What can old newspaper clippings reveal about radio’s past

Comment by Kim Napier

I know I am not the only one that keeps newspaper clippings whenever my name is printed.
In fact, I am aware Heart 107.3 announcer Brett Marley, who is approaching 40 years in radio has scrapbooks full of cut outs beginning in the early 80’s.
They are great time capsules.
“It’s a visual time line of stuff I have done… bear in mind I started doing this well before computers made it easier,” says Brett.
Yep, computers make it easy to catalogue everything we do from on-air shifts to news reads, all in one handy package as opposed to the many boxes I have filled with clippings, music logs that were important to me, cassettes and even press passes.
While sorting through my boxes today I found a couple of clippings that made me reflect.
The radio column.
Does it still exist in newspapers?
I know news.com.au cover radio stories, but that’s more about the celebrity than industry news.
Obviously, I kept the one I was mentioned in and in that column, there was news on a radio station called 7ZL, can’t remember it. Triple T’s impact on the ratings in Hobart as the first commercial FM station in the state (I remember that). And how about Triple J having a Hobart office, asking bands to drop off or post tapes?

In fact, I remember they even had a newsreader in Hobart.
So why has the radio column died?
I just feel radio is starting to take a back seat to so many other mediums including TV, on-line TV with movies, on-line radio…we just have so much up against us as a traditional medium,” says Brett.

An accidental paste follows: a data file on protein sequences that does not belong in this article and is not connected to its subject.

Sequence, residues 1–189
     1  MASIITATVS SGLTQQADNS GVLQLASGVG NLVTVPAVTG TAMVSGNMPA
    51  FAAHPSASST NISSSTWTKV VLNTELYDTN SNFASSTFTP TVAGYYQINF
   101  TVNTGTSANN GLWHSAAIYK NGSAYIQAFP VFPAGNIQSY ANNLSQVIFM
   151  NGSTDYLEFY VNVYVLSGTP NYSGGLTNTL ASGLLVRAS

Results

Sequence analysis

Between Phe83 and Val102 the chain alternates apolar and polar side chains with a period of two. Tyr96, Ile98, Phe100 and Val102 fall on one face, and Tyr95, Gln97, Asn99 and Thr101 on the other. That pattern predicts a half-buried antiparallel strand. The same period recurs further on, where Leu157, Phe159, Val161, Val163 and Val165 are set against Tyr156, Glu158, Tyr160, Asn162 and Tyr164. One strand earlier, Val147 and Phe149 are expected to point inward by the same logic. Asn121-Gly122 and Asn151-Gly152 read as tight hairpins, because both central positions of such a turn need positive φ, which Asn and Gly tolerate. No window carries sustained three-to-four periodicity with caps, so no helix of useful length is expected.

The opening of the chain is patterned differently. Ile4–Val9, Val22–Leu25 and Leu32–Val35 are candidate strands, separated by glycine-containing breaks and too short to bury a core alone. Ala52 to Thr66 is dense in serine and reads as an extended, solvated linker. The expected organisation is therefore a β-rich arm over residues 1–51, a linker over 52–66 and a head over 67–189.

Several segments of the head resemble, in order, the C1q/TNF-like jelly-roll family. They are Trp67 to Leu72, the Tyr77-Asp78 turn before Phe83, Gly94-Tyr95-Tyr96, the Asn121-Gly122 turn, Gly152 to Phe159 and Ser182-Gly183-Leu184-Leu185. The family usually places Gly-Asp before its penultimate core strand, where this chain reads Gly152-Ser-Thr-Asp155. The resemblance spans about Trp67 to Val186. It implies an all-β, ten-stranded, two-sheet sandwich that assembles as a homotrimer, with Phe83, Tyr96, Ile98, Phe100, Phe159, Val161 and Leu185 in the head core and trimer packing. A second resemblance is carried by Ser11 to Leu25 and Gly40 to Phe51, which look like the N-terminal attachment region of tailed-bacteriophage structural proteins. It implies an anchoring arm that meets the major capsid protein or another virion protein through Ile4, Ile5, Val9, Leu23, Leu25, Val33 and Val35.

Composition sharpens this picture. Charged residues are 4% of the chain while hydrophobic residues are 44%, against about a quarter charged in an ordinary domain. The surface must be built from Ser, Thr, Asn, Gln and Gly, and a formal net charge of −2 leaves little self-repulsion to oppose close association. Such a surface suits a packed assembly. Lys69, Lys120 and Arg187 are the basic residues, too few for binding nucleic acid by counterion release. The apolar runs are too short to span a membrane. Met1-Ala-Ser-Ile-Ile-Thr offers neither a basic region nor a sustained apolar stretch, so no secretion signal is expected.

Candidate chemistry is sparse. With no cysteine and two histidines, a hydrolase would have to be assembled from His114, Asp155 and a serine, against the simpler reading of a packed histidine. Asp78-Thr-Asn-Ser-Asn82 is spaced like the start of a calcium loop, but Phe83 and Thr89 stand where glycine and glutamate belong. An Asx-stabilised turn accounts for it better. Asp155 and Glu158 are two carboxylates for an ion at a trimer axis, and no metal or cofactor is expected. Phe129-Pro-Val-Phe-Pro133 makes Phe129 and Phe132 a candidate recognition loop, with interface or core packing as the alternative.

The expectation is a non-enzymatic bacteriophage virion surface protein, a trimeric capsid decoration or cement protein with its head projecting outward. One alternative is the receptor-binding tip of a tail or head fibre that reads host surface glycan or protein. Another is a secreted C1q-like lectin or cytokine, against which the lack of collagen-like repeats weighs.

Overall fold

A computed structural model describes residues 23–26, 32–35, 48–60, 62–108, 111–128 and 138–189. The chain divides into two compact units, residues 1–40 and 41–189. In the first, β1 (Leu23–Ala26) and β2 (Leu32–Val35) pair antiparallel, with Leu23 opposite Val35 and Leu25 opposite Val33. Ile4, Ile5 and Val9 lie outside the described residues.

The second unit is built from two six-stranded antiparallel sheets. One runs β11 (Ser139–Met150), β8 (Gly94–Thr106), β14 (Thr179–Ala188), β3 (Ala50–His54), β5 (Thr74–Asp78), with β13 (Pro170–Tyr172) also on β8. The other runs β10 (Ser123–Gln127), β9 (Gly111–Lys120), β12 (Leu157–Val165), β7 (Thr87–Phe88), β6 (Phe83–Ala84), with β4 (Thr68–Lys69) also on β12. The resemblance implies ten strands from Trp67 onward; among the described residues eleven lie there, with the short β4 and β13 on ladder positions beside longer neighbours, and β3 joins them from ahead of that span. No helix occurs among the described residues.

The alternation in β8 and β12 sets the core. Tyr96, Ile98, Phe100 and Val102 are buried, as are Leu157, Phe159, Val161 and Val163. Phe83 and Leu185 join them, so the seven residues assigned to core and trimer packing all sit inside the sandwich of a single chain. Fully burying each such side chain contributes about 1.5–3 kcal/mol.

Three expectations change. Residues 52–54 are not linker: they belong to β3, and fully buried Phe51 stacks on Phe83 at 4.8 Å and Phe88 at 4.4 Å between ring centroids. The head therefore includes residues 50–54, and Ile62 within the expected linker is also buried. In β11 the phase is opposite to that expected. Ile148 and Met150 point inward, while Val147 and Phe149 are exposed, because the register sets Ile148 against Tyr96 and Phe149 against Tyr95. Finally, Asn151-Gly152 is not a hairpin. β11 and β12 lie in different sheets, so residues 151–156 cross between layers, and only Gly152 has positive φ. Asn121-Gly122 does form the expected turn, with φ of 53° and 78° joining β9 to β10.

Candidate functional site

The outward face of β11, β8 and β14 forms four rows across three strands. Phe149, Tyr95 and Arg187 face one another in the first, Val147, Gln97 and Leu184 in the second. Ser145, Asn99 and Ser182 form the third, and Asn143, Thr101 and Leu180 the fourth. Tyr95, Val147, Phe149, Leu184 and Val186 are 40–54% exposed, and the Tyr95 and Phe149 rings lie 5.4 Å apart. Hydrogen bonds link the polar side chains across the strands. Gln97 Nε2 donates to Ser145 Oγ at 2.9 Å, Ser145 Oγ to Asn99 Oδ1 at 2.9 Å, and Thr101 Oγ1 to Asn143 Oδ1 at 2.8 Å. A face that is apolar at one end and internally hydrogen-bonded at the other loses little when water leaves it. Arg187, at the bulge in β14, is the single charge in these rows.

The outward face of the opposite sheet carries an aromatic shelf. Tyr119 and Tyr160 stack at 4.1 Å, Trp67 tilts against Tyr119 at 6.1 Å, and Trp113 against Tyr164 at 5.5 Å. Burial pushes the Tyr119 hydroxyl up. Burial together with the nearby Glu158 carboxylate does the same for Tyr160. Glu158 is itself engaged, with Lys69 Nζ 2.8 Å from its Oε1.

“There just seems to be a lack of general interest.”
I remember when the local newspaper wasn’t interested in supporting the cities local radio station or events.
In this clipping, they didn’t even mention my name (and I am in the photo), or the fact it was Triple T’s busking event created for Hobart, not “Hobart’s annual busking event”.

Actually, it’s a miracle there is a slight bit of the logo in this photo as the cameramen did everything they could to cut them out, along with the announcers.
They viewed it as free advertising.
I see it as creating a sense of community.
Fortunately, it doesn’t happen like that anymore, in Hobart at least but there’s still no regular radio column.
radioinfo would love to know what clippings you have that tell a story of not only your past but the industry.
Share them below and don’t forget to let is know if there is a paper still doing a radio column the “old fashioned” way.

            Kim Napier


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